Body image encompasses the way a person sees and feels about their body and physical appearance. We do not develop body image solely on our own; we often get both positive and negative messages about our bodies from family, friends, and the people around us. Our perceptions are also often clouded by unrealistic expectations for shape and weight perpetuated by the media.
Body Dysmorphic Disorder (BDD) is a more severe classification of body image disturbance, characterized by a persistent fixation on a particular body part or attribute. Connecting with a wellness professional is important if someone is exhibiting BDD.
Developing and Maintaining Positive Body Image
Positive body image is characterized by an individual seeing their body as it truly is, appreciating and accepting their body type. They feel comfortable and confident understanding that their physical appearance isn’t tied to their self-worth or value as an individual.
Tips for fostering a positive body image:
- Appreciate all that your body can do: breathing, laughing, dreaming, running, dancing, and more.
- Keep a list of things you like about yourself; things that aren’t related to how much you weigh or what you look like. Read your list often.
- Remind yourself that “true beauty” is not simply skin deep. When you feel good about yourself and who you are, you carry yourself with a sense of confidence, self-acceptance, and openness.
- Look at yourself as a whole person. When you see yourself in a mirror or in your mind, choose not to focus on specific body parts.
- Surround yourself with positive people. It is easier to feel good about yourself and your body when you are around others who are supportive and who recognize the importance of liking yourself just as you naturally are.
- Lovingly care for your body. Do something nice for yourself, something that lets your body know you appreciate it. Or, use the time and energy that you might have spent worrying about food, calories, and your weight to do something to help others.
- Talk with a wellness professional if you find that critical body talk is becoming overwhelming or something that you cannot control.
Adapted from the National Eating Disorder Association
Fostering a Body Positive USD Community
We have become accustomed to using negative language when it comes to talking about our bodies. It’s become a norm to criticize oneself. Below are several strategies for fostering a more positive relationship with our bodies and for creating a more body positive culture at USD.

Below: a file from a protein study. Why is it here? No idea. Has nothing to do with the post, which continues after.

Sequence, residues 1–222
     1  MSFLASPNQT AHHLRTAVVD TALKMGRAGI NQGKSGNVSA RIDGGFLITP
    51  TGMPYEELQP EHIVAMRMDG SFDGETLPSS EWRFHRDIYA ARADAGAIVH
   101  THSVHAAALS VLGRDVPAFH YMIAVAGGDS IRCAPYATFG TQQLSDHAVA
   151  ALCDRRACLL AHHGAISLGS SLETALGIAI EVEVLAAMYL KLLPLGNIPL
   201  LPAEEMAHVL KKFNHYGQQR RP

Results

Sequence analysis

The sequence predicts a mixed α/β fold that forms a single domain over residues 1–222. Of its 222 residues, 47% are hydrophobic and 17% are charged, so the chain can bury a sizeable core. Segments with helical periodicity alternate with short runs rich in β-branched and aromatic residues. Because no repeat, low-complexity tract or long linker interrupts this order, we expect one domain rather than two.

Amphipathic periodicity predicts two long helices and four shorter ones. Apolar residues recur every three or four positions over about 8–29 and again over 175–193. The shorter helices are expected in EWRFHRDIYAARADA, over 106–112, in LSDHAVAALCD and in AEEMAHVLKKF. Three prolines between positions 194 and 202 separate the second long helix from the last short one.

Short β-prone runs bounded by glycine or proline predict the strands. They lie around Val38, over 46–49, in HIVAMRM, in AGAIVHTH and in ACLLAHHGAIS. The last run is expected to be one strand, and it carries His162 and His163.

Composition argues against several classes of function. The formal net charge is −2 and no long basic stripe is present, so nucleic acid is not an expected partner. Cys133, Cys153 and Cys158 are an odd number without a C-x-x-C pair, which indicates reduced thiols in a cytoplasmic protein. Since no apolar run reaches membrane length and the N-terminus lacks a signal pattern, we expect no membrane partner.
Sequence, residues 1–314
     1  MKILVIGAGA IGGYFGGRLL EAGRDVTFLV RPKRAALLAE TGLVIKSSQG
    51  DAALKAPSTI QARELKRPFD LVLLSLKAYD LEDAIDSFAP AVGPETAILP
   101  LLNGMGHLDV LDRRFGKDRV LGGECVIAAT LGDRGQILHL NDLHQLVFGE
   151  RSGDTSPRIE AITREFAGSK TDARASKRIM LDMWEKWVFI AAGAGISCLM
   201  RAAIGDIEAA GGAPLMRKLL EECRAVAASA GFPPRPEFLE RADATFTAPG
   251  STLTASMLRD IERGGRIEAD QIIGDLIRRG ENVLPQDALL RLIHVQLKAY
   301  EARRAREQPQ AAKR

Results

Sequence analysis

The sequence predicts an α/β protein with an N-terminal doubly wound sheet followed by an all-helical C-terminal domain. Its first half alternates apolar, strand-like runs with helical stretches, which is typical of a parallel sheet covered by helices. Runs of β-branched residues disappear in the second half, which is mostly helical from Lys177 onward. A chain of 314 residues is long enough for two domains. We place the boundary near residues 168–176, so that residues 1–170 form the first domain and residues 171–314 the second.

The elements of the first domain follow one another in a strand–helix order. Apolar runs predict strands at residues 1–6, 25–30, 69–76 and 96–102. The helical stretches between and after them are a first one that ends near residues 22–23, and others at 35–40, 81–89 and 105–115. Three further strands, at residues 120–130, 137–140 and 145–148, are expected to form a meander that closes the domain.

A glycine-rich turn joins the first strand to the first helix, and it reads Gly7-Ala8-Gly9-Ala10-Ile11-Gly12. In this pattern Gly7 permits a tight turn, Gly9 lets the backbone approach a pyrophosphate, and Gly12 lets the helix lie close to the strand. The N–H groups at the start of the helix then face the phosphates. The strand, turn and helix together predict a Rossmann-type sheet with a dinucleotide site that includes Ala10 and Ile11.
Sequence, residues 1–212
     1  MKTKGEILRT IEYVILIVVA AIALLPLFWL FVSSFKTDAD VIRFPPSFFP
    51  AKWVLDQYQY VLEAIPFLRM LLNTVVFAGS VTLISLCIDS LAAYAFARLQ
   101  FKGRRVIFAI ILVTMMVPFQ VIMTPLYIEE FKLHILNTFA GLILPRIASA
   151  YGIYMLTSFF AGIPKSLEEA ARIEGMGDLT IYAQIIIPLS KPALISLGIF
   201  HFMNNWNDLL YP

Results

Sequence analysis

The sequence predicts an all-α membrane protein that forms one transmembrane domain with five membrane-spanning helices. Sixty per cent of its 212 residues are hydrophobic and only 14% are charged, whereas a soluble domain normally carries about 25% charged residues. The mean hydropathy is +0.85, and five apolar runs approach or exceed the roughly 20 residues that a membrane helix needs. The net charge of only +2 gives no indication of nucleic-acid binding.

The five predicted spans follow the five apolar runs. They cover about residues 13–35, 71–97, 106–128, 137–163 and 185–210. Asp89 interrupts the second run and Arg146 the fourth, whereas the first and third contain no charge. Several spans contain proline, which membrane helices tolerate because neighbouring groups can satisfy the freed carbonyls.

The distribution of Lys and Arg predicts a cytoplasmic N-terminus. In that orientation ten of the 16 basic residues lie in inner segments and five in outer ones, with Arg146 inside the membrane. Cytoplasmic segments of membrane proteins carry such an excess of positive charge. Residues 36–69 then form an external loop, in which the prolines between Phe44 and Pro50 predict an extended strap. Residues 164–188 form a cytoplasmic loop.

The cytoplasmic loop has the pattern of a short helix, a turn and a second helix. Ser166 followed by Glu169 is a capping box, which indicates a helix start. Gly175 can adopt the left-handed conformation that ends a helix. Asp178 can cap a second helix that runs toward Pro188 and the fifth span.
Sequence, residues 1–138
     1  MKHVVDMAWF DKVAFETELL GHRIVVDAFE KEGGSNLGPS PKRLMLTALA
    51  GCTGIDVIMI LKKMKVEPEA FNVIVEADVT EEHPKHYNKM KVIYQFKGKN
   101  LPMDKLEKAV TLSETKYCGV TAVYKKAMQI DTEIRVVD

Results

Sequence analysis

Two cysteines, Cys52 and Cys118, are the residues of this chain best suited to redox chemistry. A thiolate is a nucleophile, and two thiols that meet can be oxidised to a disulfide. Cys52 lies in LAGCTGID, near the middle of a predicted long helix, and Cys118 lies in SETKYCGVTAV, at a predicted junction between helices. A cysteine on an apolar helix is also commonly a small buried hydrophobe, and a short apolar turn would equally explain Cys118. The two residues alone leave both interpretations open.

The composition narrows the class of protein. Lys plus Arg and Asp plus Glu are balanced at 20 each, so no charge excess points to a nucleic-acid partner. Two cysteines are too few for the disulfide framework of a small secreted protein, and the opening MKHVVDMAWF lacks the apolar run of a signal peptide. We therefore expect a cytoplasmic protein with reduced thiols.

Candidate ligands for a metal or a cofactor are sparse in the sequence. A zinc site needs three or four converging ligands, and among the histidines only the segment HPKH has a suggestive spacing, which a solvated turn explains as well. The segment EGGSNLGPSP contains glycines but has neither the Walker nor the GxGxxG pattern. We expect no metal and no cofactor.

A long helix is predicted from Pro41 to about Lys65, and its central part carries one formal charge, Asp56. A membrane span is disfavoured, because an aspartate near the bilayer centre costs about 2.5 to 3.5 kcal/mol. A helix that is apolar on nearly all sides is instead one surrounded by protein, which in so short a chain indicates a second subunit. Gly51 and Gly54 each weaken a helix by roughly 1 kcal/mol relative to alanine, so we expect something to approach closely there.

- Openly practice self-love and acceptance. Avoid saying things like “I feel so fat” and avoid talking about dieting, excessive exercise, or restrictive eating.
- Give compliments that are not body-based.
- When selecting images for presentations or event flyers, reflect the diverse body types present in our community.
- Speak up when you hear body-shaming talk.
- Call out and have critical conversations about media that pushes only certain body types.
- Foster friendships and relationships that revolve around things other than narrow definitions of beauty and health.
- Join a Peer Body Project workshop series and talk with other students about creating a healthier body image culture! More information coming soon.
While it would be wonderful if we could all just instantly love our bodies, we recognize it is not always easy to love your body. For many, it is a daily challenge. Self-love doesn’t happen overnight and it can be a lifelong work in progress – and that’s okay. You and your body are more than just appearance. If loving your physical appearance feels overwhelming, consider the idea of body neutrality. If having a positive body image doesn’t seem feasible right now (or ever), try shifting your mindset from your body’s appearance to the amazing things your body is capable of.
As a society, it is so ingrained in our culture to think about the appearance of our bodies, making it difficult to shift our focus. Here are some ideas to help consider body affirmations without a focus on appearance:
- My body works hard to keep me productive.
- My body helps me see new places and new things.
- My body digests my food, giving me energy to do the things I love.
- I don’t need to change my body.
- My body deserves respect for all that it is capable of.
What is one thing your body does for you that you are grateful for? Write it down on a post-it and leave it on a mirror or another space you frequent.
If thoughts related to negative body image are becoming overwhelming or out of your control, connect with Student Wellness.
The Counseling Center is a confidential resource open Monday – Friday 8:30am-5pm, with extended hours until 6pm on Wednesday during fall and spring semesters. The easiest way to secure an initial consultation is by making a same- or next-day appointment via the Wellness Portal. Students can also call or come by the Counseling Center to arrange for an appointment.
Additional campus resources include:
Student Health Center
Maher Hall 140
Hours: Monday-Friday 8:30am – 4:30pm
Center for Health and Wellness Promotion
University Center 161
Hours: Monday-Friday 8:30am- 5:00pm
Concerned about a friend? This resource can help you help a friend who may be struggling with disordered eating.
Explore treatment providers near you.
Page content provided in partnership with Dr. Megan Holt-Hellner, DrPH, MPH, RD